LC – Are your artworks focused on a specific theme?
HT – My artworks focus on the theme related to the presence and absence of women in visual art in response to investigating issues and questions about femininity and representation.
LC – How is your creative process?
HT – To start off my works of art, I have different creative processes. One that is inspired by my travels. Another is inspired by the culture I surround myself with. The third is my female identity which chooses to live in two cultures that reflect Western and Eastern ideologies. Most of my works use text and images. I am inspired by verses from the Holy Quran and poetic phrases that I come across. I combine both text and image to create my artwork. I also start my paintings with acrylic paint as the base for most of my paintings because it dries fast, and then I use oil paint to give it more depth. I use mixed media as well to give some texture and dimension to the works.
LC – We were attracted by your last artistic production, has the artwork presented been created for the exhibition or as a part of preexisting works?
HT – The artwork presented was created as a part of preexisting works. After my visit to South Africa and viewing the Apartheid Museum which showed the segregation between the whites and blacks. It powerfully documented the rise and fall of racial segregation in South Africa. I was inspired by this theme in two of my paintings that were showcased in this exhibit. While the other painting visually showed an eye map into the Middle East, where I was born and raised. It showed that no matter where you live and how many places you visit, the place of one’s childhood continues to influence you the most as a creative person. The DNA Rose painting is another painting that was exhibited in Venice. I painted it when I was living in Portland, Oregon in the US. Since Portland is the City of Roses, I chose the rose as a symbol of feminism as well as to represent the culture I’m surrounded by. Since my husband was studying Biomedical Informatics, the recurring image of DNA kept on appearing in his presentations. This connected me with the female identity in a symbolic format.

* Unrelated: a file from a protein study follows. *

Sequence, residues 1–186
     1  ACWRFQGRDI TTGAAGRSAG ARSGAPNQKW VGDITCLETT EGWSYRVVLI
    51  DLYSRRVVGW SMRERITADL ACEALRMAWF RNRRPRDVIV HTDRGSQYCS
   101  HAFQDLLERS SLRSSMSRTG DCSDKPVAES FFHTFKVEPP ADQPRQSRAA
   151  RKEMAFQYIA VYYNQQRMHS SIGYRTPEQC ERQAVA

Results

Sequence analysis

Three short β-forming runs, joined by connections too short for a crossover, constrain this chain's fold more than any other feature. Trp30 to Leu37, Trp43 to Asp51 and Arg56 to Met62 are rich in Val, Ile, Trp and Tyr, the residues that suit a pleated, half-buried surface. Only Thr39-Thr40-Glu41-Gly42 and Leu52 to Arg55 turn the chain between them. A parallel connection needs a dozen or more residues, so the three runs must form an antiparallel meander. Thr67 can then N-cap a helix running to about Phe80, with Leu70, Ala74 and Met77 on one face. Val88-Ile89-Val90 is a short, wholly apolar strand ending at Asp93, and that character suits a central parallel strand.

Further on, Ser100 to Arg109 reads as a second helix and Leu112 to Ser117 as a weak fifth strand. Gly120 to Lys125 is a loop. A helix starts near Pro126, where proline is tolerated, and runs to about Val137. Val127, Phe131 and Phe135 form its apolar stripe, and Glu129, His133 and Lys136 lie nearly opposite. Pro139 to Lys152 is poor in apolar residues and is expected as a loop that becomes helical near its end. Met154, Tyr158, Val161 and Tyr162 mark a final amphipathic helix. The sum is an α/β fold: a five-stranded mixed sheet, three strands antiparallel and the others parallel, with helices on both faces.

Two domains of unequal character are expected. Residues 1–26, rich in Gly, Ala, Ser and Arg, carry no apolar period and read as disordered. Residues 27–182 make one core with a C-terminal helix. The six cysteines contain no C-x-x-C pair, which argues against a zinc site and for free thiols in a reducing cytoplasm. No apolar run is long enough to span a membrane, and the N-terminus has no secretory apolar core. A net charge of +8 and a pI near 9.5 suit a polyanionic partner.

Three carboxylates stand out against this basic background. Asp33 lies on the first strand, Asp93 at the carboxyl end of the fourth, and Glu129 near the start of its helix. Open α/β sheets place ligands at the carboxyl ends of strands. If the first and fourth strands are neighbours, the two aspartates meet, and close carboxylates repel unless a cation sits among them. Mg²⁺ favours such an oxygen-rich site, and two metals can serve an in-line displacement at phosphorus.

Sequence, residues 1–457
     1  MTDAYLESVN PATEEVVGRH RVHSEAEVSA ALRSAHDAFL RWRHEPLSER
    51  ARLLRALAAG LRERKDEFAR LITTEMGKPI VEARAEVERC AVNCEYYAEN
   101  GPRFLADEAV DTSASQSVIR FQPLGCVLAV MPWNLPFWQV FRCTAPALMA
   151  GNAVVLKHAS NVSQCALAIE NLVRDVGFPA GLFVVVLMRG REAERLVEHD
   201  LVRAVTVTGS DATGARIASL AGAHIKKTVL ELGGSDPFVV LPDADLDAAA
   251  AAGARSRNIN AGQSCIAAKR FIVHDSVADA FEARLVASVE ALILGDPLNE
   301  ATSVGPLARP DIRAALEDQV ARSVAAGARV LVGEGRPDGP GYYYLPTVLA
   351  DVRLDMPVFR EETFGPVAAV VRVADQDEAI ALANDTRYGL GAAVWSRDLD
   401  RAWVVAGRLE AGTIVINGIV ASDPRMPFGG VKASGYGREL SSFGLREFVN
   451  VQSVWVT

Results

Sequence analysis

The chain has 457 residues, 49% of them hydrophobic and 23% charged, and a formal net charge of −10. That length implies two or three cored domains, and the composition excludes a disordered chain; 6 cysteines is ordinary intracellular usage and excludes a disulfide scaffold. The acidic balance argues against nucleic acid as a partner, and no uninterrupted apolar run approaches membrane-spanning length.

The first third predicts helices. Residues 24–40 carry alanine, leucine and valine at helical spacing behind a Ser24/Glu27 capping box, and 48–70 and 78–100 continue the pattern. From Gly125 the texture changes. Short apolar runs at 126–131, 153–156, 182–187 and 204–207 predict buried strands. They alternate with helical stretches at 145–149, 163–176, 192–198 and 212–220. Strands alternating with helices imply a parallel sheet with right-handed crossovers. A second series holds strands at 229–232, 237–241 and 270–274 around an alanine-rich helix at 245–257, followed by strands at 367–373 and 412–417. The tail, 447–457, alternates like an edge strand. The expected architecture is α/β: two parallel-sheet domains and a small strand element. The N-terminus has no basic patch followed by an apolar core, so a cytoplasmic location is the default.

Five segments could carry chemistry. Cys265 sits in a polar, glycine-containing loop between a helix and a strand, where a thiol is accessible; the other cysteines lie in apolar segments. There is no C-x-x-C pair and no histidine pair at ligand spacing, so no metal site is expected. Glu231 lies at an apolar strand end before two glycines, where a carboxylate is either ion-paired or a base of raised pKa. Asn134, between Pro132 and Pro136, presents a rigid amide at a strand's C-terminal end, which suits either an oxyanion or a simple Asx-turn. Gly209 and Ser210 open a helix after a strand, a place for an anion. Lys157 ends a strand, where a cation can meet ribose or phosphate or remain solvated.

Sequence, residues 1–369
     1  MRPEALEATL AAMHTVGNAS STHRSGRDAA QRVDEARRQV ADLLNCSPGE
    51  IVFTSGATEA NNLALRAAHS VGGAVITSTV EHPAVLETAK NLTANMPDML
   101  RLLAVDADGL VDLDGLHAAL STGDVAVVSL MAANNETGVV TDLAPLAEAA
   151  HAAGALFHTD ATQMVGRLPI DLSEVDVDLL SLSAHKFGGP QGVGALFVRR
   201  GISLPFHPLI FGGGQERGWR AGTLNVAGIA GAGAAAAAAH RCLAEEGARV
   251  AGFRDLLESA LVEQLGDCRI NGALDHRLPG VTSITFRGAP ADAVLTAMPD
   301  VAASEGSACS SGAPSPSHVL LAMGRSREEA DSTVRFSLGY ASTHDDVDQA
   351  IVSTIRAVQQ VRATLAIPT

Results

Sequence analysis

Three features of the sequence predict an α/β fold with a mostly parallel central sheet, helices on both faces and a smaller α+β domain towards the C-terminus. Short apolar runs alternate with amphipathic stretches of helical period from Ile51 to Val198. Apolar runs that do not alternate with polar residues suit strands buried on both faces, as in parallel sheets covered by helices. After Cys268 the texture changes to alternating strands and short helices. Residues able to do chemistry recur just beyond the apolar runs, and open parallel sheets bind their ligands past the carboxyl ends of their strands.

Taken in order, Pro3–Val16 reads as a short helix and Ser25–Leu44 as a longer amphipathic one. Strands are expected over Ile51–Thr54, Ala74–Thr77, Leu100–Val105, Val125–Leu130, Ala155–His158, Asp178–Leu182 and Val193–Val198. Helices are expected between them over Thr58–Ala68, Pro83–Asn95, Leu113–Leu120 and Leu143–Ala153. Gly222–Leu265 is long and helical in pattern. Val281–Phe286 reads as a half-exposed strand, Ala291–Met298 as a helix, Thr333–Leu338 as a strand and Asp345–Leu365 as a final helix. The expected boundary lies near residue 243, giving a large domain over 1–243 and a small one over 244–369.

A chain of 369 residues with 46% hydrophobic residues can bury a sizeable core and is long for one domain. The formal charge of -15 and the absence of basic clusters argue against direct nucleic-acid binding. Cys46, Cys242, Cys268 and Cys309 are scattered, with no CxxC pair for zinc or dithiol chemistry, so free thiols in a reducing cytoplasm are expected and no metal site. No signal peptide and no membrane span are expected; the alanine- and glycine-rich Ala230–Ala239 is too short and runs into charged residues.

LC – Do you agree with our vision of art and what do you think about the theme of the exhibition?
HT – Yes, I agree with your vision and the theme of the exhibit. What better place to exhibit one’s artwork than in a prestigious Art gallery in Venice that allows artists to exhibit infinite ways of expression to explore the connection between desires, needs, and fears through rituals that bring humankind to change, transform, and evolve their inner world. I think the theme of the exhibit is very essential in this evolving world.
LC – Did you enjoy cooperating with us? Is there something more we can provide to artists?
HT – Yes, I enjoyed cooperating with all the staff members and the director. Communication was very easy despite the time difference on the world clock. It was my honor to participate in this exhibit and show my work in Venice, Italy. I suggest that one of the services you can provide is to allow artists to network with other artists who explore similar themes and art media to create collaborative artwork that shares their ideas together.
LC – What do you think about ITSLIQUID Platform?
HT – ITSLIQUID is a platform for contemporary art, architecture, design and fashion. All these forms of expression interest me personally. Because my artwork has moved formally from painting towards video, performance, text, and fashion to develop a voice for Contemporary Muslim Women Artists.